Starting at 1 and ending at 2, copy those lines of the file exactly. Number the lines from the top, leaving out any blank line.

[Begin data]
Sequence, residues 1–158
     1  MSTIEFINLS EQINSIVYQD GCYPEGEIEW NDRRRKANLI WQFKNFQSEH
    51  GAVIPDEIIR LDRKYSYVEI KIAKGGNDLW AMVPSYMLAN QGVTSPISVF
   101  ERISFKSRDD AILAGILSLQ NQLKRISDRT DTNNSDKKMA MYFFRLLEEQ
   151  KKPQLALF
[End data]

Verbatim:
Sequence, residues 1–158
     1  MSTIEFINLS EQINSIVYQD GCYPEGEIEW NDRRRKANLI WQFKNFQSEH